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Sliding Sands Trail
to Ka Lua O Ka O'o Crater

(November 1998)

The total distance (roundtrip) on the Sliding Sands Trail to the Ka Lua O Ka O'o crater is approximately 6 miles. The Trail is in good condition, sandy, but good to walk. The descent is about 1100 feet, which you have to climb on the way back. Including the breaks and the loop on the crater rim, it took us 3 hours and 40 minutes.

At about 8.00 a.m. we left the hotel and went on our way to the summit of Haleakala. At about 11 a.m. we finally stood at the Trailhead, packed with cameras, enough film rolls, two liters of water (could have been more) and four selfmade cheese - ham - cucumbers sandwiches. It was refreshingly cool up here, but not cold, and so we hiked in short trousers, T-shirt and a pullover. We left windbreakers and long trousers at home, so we weren't prepared very well for bad weather. But the tour was not very long, and according to weather forecast the weather would stay fine.


Regarding the name "Sliding Sands Trail", I had suspected that it would be very slippery, perhaps steep and hard to go. But on the contrary, the descent was moderate in wide switchbacks. The temperature was not too cold and not too warm, the light wind was refreshing, it could hardly be better.

"That is much easier than I expected", I said to Carola. "I hope it will not be much worse than expected on the way back", said Carola.

It was really easy to walk down, and we did not notice very much of the thin air. The panorama was great. To estimate the distances was nearly impossible. There were new sights every few minutes, and only the watch showed that an hour had passed by.

From time to time, we passed groups of silverswords, a plant that exists only in the Haleakala wilderness. They were smaller than I had expected. After decades, they develop a blossom and reach the end of their life cycle.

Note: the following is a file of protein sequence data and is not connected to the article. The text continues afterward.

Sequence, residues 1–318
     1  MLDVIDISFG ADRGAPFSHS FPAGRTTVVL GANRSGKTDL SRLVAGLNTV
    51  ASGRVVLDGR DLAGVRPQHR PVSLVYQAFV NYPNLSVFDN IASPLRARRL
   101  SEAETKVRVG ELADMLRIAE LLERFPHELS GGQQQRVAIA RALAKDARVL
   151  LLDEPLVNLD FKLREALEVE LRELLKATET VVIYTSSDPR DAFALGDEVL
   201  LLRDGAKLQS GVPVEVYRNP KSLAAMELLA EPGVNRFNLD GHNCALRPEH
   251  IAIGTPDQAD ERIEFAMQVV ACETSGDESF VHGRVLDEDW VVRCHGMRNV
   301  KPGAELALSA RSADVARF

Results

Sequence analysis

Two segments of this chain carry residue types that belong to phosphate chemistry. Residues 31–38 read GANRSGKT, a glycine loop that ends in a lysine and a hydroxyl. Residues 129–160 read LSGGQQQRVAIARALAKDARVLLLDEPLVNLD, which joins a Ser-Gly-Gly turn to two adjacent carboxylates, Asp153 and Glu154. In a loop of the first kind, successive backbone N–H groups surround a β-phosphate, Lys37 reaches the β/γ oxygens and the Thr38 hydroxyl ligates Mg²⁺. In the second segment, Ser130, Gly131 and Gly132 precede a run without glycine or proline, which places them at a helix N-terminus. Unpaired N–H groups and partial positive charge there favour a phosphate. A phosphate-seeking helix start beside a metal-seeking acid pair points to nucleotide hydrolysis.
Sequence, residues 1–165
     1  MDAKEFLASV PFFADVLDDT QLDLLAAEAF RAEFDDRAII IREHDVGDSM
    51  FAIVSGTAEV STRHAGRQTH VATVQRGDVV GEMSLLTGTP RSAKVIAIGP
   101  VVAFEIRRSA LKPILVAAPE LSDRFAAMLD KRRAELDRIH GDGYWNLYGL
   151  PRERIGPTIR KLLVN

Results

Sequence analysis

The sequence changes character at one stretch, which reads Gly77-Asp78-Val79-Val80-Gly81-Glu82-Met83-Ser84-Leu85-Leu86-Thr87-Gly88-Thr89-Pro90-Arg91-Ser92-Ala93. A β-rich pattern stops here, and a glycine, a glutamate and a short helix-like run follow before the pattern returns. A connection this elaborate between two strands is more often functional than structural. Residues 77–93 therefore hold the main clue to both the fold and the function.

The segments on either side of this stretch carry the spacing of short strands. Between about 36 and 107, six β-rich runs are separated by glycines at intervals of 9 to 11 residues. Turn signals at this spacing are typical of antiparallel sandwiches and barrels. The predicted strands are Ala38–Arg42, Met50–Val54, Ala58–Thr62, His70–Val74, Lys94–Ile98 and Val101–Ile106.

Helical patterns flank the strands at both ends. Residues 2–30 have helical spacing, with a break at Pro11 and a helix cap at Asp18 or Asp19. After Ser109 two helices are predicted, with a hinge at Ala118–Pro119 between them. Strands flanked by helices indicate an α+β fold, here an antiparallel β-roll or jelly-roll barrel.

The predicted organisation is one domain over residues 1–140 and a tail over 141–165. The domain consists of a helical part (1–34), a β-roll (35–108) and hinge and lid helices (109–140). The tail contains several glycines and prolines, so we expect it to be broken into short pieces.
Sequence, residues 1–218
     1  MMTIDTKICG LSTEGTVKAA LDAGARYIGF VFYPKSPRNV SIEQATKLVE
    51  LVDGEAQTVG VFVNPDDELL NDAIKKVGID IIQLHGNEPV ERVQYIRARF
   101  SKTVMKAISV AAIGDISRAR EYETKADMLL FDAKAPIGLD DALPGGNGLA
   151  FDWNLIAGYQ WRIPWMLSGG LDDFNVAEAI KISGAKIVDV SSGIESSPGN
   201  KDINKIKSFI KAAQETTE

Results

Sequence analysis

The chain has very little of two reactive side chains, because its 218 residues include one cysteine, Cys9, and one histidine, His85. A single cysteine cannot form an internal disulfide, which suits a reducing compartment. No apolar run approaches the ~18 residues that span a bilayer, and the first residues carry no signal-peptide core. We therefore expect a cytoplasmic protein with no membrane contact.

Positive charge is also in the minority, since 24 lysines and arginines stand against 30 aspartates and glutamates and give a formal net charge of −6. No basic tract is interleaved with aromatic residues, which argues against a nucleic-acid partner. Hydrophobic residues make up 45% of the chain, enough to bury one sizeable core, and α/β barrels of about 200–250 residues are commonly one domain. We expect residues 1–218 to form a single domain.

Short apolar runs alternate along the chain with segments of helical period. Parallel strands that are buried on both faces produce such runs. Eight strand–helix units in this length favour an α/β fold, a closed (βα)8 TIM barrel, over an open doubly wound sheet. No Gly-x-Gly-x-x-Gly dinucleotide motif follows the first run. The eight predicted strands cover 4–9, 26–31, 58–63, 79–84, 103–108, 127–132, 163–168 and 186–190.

Finally we had reached the fork to the Ka Lua O Ka O'o. From here, one could overlook another part of the Sliding Sands Trail, which lead further down into the valley. Using our binoculars, we could also recognize the Kapalaoa Cabin.

The trail to the Ka Lua O Ka O'o crater continued without a major height difference and ended on the level of the crater rim. We walked a loop on the rim and looked for a place to rest.

From this point we could overlook the whole valley. We took a rest of about 45 minutes. After that, we were refreshed and had taken photos of practically every place in the valley.

At the left edge of the valley floor we could see the Holua Cabin, which can be easily reached from the Halemau'u Trailhead. Now it was time for the ascent. It was by far more strenous than the descent, due to the altitude.

The ascent is much easier when you are sitting on a horseback - at least for you, probably not for the horse.

After 1 hour and 30 minutes we were back at the trailhead. We were surprised that the ascent had not taken more time than the descent, but we had made only few photostops on the way back. At first, we went to the car to get something to drink. It was 3 p.m., so there was no need to hurry - thanks to Maui, who had forced the sun to go slowly, it would take 3 more hours to sunset.

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